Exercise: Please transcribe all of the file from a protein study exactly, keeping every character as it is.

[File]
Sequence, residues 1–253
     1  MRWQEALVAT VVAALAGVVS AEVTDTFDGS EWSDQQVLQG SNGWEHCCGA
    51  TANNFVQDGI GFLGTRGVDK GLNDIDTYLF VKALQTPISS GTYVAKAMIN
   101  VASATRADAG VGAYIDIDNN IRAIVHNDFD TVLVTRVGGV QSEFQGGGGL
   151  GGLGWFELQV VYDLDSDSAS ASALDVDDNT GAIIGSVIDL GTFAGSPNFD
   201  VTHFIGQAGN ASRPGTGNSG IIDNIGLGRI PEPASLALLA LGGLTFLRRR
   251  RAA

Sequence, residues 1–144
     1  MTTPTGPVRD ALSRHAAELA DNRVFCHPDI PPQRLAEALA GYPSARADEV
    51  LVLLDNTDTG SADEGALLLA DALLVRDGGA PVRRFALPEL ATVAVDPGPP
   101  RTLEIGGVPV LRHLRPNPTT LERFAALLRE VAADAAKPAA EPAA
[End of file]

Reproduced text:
Sequence, residues 1–253
     1  MRWQEALVAT VVAALAGVVS AEVTDTFDGS EWSDQQVLQG SNGWEHCCGA
    51  TANNFVQDGI GFLGTRGVDK GLNDIDTYLF VKALQTPISS GTYVAKAMIN
   101  VASATRADAG VGAYIDIDNN IRAIVHNDFD TVLVTRVGGV QSEFQGGGGL
   151  GGLGWFELQV VYDLDSDSAS ASALDVDDNT GAIIGSVIDL GTFAGSPNFD
   201  VTHFIGQAGN ASRPGTGNSG IIDNIGLGRI PEPASLALLA LGGLTFLRRR
   251  RAA

Sequence, residues 1–144
     1  MTTPTGPVRD ALSRHAAELA DNRVFCHPDI PPQRLAEALA GYPSARADEV
    51  LVLLDNTDTG SADEGALLLA DALLVRDGGA PVRRFALPEL ATVAVDPGPP
   101  RTLEIGGVPV LRHLRPNPTT LERFAALLRE VAADAAKPAA EPAA